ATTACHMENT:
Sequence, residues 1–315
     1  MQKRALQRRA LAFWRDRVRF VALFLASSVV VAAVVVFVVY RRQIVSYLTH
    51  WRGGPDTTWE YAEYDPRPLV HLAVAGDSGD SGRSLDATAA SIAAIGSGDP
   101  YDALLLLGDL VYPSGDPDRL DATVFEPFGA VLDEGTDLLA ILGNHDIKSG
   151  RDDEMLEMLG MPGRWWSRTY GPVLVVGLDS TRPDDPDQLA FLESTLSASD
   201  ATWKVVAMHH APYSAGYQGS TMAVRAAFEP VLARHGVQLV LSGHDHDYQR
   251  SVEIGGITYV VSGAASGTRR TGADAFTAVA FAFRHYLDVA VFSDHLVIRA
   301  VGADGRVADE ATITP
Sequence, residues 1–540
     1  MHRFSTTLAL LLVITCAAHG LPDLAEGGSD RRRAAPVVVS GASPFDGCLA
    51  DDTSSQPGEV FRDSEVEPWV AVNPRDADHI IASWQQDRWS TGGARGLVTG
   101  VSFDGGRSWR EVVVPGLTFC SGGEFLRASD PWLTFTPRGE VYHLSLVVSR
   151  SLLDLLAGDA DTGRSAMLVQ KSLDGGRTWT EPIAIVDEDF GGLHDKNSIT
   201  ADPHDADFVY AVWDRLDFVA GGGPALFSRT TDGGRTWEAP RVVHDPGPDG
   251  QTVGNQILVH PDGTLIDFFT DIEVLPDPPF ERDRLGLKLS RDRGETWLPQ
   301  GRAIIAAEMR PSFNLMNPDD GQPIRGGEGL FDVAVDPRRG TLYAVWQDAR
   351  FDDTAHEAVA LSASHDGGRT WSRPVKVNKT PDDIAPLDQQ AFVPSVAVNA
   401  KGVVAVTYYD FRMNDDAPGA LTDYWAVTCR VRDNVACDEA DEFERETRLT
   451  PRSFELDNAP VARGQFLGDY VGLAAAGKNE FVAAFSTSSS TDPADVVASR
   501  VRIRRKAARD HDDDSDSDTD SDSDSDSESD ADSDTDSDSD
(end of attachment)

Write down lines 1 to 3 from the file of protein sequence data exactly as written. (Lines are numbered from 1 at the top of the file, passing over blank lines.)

Sequence, residues 1–315
     1  MQKRALQRRA LAFWRDRVRF VALFLASSVV VAAVVVFVVY RRQIVSYLTH
    51  WRGGPDTTWE YAEYDPRPLV HLAVAGDSGD SGRSLDATAA SIAAIGSGDP